The Church Compared to a Wife

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It’s an easy task to teach wives how to emulate the bride of Christ, the church, in submission, love for the head, and sanctification. It is certainly appropriate that husbands look to the perfect standard, Jesus Christ, to learn to love their wives. To compare our human marriage relationships to the perfectly prescribed pattern of Christ and the church, so that we might attain to perfection in this human relationship is sound doctrine. It’s the doctrine that the Holy Spirit gave in Ephesians five and Colossians three.

There is a spiritual sense, though, in which we, as Christians, are married to Christ. Romans 7:4 declared to the former Jews, that while they had been married to the law, they were now dead to it, so they could be married to another, even to “Him who had been raised from the dead.”  There is also an adultery mentioned in James 4:4 that is obviously spiritual adultery, thus indicating that there is a spiritual marriage that occurs when we become Christians. 


Though the purpose of Ephesians 5 and Colossians 3 is to teach us how to fulfill our roles in the marriage relationship, I believe we can study any number of marriages in scripture and draw truths that are helpful in understanding the marriage of Christ and his church. For instance, Sarah’s submission to Abraham (I Pet.3: 6) parallels our subjection to Christ. Ruth’s rescue by Boaz (Ruth 4) mirrors our rescue from the poverty of sin. Rahab’s marriage into the family of Salmon and thus her entrance into Israel is typical of our journey out of sin and into the family of God; our justification by faith and works (James 2:25). But as I study the relationship of Christ and the church, I am stricken with the amazing parallels that can be drawn from the romantic story of the marriage of Isaac and Rebekah in Genesis 24.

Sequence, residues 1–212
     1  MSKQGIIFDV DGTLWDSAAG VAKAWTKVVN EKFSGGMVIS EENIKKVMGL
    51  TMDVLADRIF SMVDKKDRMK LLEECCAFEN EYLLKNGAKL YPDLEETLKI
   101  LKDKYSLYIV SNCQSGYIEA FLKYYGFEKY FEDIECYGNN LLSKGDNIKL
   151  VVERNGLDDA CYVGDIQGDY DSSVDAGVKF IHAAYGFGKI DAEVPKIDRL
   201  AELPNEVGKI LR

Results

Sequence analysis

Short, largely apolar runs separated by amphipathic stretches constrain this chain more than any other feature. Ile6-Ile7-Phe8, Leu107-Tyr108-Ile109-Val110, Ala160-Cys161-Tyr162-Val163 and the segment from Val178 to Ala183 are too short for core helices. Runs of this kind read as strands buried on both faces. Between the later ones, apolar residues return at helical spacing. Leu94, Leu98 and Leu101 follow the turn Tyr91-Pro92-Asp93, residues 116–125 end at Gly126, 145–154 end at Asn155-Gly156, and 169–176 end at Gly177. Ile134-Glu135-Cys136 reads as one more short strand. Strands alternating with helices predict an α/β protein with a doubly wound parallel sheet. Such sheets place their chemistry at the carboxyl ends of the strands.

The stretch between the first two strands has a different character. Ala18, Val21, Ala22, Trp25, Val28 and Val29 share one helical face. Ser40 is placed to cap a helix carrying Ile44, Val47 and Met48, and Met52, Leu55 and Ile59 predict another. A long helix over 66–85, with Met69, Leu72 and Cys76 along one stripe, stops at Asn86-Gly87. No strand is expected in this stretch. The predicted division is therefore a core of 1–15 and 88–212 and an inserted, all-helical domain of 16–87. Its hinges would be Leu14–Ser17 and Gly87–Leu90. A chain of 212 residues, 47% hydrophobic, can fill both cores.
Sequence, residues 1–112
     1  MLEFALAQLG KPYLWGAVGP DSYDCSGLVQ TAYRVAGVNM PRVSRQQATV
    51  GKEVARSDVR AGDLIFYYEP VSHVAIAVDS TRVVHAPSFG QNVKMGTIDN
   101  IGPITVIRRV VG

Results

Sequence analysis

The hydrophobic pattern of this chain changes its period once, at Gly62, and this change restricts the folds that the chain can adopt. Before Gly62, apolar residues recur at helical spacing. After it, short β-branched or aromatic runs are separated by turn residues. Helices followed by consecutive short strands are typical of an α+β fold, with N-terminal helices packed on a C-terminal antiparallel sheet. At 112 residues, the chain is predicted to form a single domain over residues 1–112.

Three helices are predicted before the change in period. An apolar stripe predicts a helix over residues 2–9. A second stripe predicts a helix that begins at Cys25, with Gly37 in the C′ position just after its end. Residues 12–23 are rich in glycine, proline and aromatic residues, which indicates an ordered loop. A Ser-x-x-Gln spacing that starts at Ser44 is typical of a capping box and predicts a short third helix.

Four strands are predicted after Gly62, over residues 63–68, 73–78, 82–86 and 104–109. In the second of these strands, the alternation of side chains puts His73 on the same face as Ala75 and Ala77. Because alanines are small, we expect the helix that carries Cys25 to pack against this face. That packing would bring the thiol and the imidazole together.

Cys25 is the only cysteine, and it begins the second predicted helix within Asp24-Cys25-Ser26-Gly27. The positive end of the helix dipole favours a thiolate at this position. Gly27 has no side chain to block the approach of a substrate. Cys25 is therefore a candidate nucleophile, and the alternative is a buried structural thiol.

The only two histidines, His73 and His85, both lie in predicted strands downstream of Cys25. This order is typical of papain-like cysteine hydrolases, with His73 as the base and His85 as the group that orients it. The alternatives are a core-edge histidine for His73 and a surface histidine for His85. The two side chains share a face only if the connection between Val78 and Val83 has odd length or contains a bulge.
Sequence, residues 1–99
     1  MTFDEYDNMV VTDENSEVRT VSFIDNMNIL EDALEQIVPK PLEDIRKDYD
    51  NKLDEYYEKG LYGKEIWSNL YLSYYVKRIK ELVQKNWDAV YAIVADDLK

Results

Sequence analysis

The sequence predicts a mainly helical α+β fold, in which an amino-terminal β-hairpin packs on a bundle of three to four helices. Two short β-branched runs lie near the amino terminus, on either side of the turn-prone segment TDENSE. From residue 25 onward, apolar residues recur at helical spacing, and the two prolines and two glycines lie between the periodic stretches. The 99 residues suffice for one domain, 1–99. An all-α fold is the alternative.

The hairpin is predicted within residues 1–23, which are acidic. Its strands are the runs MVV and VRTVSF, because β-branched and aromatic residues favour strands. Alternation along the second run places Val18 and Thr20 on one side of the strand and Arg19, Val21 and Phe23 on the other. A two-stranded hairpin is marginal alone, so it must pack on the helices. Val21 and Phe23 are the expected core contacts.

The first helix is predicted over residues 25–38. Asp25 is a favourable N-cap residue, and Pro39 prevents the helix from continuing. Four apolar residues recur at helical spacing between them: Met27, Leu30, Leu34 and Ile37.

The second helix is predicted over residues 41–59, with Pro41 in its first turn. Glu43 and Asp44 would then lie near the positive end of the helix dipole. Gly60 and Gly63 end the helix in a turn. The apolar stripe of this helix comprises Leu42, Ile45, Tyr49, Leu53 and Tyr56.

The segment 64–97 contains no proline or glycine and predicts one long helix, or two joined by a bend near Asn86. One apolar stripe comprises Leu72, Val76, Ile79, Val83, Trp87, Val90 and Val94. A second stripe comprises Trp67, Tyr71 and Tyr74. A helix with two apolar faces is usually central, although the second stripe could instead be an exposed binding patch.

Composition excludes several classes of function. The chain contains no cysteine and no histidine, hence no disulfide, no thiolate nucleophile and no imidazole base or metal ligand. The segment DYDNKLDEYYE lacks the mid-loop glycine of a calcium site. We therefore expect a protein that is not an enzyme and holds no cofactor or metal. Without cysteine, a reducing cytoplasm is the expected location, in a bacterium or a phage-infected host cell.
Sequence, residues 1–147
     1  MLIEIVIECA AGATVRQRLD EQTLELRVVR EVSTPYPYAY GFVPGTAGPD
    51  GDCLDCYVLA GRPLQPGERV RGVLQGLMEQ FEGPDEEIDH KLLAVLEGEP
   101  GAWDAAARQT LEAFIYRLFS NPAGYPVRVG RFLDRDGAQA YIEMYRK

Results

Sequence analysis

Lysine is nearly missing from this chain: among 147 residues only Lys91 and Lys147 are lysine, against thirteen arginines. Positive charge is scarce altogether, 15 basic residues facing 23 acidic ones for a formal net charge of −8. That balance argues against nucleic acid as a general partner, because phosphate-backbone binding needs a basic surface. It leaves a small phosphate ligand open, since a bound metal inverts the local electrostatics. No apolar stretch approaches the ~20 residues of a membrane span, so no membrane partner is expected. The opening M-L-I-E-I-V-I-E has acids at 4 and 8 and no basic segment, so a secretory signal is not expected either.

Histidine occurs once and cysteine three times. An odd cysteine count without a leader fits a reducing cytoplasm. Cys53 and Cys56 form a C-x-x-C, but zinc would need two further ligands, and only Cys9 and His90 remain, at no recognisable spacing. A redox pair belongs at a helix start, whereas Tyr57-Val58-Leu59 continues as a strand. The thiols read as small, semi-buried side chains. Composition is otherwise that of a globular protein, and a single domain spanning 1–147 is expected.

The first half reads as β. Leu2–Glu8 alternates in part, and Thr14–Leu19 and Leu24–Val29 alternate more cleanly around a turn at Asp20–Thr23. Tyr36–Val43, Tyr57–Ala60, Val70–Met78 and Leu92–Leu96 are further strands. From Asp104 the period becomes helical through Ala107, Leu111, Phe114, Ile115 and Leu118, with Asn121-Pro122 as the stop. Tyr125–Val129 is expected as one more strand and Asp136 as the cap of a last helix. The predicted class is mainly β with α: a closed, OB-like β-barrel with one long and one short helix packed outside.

Isaac and Christ

As a preface, notice several ways in which Isaac may represent our Savior. First, both Isaac and Christ were born into the world by supernatural means (Gen. 18:9-12; Luke 1:30-35) Second, both Isaac and Christ were about their fathers’ business (Gen.22:6: Luke 2:49). Third, both were offered by their fathers as sacrificial lambs (Gen. 22:6; I Pet. 1:19). Notice here that Isaac was offered in the mind of Abraham just as Christ was offered to bear the sins of many (Heb. 11:17; Heb. 9:28). It is interesting also that both Isaac and Christ carried the wood for the sacrifice (Gen.22:6; John 19:17). Finally, God raised both Isaac and Christ. Isaac was raised three days after he was offered in the mind of Abraham (Gen.22:4), thus being a type of Christ in His third day resurrection (Luke 18:33; Acts 10:40).

All of these events occurred in Isaac’s life prior to his marriage to Rebekah, just as the antitypes preceded Christ’s establishment of His church.

Next time: Rebekah and the Church

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